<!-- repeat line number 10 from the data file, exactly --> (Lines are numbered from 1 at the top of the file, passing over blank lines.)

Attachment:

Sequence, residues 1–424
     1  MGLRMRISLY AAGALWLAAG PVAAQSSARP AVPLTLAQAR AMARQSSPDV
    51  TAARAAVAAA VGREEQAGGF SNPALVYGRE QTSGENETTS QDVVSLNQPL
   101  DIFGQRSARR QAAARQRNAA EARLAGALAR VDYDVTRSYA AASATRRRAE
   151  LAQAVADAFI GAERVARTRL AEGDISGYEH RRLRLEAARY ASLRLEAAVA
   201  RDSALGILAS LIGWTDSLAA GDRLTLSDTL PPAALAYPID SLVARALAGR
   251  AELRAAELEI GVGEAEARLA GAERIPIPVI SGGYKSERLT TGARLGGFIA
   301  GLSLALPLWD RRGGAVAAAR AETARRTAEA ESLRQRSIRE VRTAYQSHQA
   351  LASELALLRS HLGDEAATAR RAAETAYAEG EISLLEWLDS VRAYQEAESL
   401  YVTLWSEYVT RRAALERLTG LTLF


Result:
   401  YVTLWSEYVT RRAALERLTG LTLF